Written one year ago, on February 8th, 2013
Tonight, my sister and I lost our grandmother.
When the phone call came, I wished for one more time sitting at her feet and hearing her stories about the time my baby sister escaped out of her crib and what it was like during the Great Depression—when a loaf of bread was 10 cents—and the time she went camping with two toddlers in the middle of the woods, and how she met her beloved husband, Dave, and all the times they rented horses for an afternoon to go riding, only for her mother to launder her riding outfit three times successively because she could not deal with the scent of horses. My grandmother said that anyone who cannot appreciate the smell of horses was bad news, mother or not.
I have more memories of my grandmother than anyone else. She taught me to tie my shoes and play cribbage and knit and that grilled cheese is best with bread-and-butter pickles. We probably ate at least 5568 grilled cheeses together. And 7000 packages of lemon drops.
She let me pour the cream in her coffee when we went out to breakfast and she said a little chocolate with every meal never hurt anyone. She lived to be 94, so I guess this must be true.
Unlike our parents, she was always early picking my sister and I up from school, which is a great comfort to a girl who was always anxious to escape from people—even school kids—to spend the afternoon recovering from an entire day’s worth of people—especially school kids—among her animals and in her box forts and from underneath the pine tree in the backyard, which she was once certain was a great and vast wilderness. She had a kind, compassionate grandmother who never bothered to correct her.
Our grandmother came to every school program, every horse show, every Easter, Thanksgiving, and Christmas, and every living room show that typically followed. She used phrases like “Two-ton-Betsy” and “kaniption fit” and “gosh-by-golly-gee-whiz” and “ohhh-la-la” and I never knew what they all meant, but I always knew what she was saying when she used them.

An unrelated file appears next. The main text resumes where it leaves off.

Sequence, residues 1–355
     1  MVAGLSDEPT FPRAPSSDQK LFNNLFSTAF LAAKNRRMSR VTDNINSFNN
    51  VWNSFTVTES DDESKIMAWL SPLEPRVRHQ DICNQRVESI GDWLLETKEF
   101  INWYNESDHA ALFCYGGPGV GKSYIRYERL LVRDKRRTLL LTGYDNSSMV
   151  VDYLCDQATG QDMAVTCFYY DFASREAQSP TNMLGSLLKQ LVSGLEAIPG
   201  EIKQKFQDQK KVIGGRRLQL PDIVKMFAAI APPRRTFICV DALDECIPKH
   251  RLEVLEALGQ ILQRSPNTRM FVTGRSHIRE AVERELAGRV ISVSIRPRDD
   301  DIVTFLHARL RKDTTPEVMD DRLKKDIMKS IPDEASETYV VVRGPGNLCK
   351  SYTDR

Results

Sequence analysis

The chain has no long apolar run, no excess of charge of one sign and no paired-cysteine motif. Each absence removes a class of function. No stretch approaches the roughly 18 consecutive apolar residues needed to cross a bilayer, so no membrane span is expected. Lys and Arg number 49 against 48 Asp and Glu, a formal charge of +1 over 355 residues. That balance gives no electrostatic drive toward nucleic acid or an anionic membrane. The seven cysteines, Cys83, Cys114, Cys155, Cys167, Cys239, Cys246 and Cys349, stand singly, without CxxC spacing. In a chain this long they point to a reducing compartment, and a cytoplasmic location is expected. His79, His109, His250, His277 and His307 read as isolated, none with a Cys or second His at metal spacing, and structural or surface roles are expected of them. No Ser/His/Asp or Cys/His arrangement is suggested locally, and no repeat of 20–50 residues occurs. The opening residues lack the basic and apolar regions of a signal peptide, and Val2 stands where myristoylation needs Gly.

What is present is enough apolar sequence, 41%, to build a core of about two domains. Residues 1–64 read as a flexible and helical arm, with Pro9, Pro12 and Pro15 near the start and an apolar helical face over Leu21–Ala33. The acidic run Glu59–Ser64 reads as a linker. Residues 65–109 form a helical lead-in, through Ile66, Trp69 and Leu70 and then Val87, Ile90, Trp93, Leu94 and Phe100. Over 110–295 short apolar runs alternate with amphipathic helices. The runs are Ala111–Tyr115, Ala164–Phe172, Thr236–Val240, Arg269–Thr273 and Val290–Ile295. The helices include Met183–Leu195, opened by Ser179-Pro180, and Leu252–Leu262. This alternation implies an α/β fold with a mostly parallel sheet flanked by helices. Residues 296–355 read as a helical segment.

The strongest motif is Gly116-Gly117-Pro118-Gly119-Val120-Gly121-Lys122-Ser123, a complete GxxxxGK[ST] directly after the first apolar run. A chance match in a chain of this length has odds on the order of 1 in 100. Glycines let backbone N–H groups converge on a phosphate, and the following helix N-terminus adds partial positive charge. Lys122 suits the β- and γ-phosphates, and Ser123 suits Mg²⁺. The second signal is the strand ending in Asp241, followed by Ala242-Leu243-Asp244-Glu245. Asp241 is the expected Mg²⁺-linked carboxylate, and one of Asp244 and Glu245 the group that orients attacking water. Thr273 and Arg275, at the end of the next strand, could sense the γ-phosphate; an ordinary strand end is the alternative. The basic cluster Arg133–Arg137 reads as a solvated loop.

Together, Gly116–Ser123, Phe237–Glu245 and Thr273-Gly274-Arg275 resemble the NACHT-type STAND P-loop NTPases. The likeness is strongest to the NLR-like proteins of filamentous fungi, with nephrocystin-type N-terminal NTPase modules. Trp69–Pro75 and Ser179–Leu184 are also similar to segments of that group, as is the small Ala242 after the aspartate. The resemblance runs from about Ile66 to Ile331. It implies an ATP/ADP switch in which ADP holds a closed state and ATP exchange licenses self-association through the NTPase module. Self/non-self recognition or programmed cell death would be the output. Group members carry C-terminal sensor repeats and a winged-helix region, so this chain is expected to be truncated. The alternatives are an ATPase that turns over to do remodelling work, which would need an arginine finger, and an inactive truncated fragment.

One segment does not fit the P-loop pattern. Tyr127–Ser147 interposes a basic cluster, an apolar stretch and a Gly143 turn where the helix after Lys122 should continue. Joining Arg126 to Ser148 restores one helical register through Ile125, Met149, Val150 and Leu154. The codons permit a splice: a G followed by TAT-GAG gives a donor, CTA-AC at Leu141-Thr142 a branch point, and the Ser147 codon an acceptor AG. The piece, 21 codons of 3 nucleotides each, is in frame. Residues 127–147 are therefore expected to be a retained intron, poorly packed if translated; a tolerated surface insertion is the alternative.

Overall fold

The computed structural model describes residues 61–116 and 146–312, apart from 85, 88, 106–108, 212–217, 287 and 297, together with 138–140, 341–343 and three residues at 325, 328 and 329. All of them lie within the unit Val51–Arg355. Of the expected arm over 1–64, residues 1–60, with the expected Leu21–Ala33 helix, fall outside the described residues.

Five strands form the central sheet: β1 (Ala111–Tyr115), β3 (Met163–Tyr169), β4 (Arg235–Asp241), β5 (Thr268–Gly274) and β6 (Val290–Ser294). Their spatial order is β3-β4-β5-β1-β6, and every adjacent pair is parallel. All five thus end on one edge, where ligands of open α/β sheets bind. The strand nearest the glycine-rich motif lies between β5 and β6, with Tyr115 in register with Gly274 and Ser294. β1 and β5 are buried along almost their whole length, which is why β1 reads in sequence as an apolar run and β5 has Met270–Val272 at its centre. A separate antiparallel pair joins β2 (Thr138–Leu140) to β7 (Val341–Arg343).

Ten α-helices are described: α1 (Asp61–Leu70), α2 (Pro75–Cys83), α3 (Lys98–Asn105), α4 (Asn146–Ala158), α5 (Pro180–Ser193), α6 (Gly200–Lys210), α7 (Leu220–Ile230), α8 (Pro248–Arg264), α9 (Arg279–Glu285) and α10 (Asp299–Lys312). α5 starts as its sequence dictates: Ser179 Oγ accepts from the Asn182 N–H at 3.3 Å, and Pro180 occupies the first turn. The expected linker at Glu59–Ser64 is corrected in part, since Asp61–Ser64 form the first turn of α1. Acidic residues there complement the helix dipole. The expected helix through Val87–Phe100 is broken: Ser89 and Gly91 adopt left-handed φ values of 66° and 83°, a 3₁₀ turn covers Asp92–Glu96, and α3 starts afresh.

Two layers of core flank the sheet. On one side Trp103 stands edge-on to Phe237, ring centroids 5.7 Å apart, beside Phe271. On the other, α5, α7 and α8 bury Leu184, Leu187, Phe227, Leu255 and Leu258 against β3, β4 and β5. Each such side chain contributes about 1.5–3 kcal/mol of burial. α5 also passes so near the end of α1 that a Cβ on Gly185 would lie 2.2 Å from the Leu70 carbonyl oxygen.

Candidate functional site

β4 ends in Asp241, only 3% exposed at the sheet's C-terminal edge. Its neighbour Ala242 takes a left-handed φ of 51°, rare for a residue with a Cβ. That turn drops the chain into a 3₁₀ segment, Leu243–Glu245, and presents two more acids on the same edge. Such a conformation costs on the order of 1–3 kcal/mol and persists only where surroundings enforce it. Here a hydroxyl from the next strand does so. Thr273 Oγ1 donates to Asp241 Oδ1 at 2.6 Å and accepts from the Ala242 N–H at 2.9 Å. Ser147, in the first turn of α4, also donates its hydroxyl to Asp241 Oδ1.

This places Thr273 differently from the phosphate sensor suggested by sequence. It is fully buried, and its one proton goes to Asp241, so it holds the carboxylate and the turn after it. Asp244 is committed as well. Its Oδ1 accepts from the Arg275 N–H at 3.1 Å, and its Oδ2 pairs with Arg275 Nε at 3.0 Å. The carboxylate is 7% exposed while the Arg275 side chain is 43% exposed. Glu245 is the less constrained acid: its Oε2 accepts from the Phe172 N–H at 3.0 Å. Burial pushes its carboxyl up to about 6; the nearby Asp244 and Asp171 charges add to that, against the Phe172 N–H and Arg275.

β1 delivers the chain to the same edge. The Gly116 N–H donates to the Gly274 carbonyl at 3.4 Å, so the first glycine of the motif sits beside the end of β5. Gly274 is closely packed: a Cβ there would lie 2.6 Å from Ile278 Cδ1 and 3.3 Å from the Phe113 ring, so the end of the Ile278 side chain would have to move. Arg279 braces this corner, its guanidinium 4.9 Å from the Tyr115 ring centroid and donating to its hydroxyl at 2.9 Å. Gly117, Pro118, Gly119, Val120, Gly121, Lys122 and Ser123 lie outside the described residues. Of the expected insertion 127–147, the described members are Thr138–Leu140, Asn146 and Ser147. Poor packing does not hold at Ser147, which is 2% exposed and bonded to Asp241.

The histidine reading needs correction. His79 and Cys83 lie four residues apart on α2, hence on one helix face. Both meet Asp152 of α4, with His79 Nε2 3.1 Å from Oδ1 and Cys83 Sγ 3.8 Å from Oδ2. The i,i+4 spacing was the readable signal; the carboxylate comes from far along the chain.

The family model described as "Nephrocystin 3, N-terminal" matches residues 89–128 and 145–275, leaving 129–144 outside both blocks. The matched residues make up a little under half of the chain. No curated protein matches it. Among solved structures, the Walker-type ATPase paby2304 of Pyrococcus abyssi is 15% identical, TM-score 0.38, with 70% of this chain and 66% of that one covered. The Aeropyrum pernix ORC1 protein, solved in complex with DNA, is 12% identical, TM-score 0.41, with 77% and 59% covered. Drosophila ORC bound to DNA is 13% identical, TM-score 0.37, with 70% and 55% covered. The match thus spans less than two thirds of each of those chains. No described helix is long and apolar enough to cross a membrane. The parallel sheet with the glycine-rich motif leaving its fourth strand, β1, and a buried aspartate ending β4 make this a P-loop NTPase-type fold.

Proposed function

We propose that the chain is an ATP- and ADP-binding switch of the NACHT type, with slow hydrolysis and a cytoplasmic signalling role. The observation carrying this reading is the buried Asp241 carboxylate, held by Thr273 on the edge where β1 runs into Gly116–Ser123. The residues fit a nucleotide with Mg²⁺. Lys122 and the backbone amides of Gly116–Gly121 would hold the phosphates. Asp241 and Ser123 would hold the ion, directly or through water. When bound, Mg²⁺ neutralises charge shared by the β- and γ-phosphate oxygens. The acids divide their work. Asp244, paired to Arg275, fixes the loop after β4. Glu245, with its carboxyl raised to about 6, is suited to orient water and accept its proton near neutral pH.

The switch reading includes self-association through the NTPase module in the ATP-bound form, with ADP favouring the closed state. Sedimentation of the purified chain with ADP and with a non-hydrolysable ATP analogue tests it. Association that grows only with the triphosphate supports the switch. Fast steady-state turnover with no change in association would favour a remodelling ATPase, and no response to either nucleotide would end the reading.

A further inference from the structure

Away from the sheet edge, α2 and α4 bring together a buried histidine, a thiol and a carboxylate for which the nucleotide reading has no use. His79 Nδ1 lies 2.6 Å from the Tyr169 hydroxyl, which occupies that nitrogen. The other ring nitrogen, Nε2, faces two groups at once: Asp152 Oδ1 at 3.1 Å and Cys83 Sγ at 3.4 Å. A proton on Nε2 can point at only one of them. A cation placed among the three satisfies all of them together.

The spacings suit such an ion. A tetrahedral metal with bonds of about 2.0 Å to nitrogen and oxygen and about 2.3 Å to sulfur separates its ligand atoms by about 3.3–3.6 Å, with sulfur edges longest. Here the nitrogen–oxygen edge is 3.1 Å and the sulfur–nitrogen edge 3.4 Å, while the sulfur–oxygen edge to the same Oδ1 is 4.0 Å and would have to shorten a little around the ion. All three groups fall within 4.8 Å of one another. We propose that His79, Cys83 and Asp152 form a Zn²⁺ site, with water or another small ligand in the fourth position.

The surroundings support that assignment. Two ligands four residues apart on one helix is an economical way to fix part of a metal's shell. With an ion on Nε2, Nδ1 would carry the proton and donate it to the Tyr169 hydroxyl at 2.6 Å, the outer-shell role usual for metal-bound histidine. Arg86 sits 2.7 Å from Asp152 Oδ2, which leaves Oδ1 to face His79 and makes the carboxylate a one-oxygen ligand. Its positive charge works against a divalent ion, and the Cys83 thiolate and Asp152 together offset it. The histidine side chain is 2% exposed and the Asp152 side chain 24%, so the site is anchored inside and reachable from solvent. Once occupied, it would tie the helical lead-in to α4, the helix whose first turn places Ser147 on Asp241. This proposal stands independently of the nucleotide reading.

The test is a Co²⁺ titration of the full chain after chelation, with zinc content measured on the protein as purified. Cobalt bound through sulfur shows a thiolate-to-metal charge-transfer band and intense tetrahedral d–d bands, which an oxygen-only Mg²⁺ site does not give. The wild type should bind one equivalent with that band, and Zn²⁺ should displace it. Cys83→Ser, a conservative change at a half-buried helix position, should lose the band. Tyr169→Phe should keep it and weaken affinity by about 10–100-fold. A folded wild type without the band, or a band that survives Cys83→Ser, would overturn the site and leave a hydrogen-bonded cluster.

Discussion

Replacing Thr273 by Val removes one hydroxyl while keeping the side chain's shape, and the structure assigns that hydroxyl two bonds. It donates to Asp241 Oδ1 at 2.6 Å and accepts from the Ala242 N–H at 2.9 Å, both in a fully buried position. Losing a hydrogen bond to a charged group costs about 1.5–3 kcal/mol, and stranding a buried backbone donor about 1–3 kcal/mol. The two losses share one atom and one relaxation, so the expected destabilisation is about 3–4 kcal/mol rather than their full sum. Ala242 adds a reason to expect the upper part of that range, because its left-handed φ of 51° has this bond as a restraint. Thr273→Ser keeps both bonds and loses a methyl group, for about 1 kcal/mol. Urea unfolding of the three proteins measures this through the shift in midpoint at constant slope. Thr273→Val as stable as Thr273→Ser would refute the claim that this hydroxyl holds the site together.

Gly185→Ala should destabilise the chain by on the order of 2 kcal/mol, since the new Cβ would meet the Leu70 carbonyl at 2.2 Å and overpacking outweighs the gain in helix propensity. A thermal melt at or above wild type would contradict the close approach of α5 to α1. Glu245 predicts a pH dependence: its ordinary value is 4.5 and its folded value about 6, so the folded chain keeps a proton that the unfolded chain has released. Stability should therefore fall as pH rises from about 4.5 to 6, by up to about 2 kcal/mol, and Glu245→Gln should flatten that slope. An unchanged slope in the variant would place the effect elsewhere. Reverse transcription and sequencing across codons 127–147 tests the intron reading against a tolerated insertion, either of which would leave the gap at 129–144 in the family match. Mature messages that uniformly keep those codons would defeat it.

She was there when I fell on a cactus in Arizona and had prickles in the most uncomfortable of places. As she fixed me up, she never said a word or told a soul or even laughed, which must have been a feat. Somehow, she knew modesty is everything to a serious 10-year-old horsewoman.
After my first adventure to the Canadian side of Lake Huron, in which I proceeded to gather every single shore rock I found, as they all appeared to be more precious than jewels or pirate treasure, she sat with me the whole day after, as I washed them and showed her each one, one-by-one. She handled and inspected and admired them as intently as I did. She relived the whole adventure with me and seemed to find the same awe in found, ordinary, wet lake rocks as I did. That means the world to an adventurer.
She claimed to be too dumb to help me with my elementary school homework (which wasn’t true), but she sat there with me while I figured it out for both of us. She used to worry I spent too much time reading books, but she’d keep my little sister especially occupied while I hid out in one of my many “secret” forts to read for hours, happy and on my own. And sure enough, if I was in there long enough, she’d slide a grilled cheese and a glass of milk under the trap door. She never blew my cover on the days I was a cowgirl, a Cherokee Warrior, a power ranger, a pioneer on the Oregon trail, a runaway, an astronaut, a Bedouin, a mermaid, a bird, or Anne…with an “E.”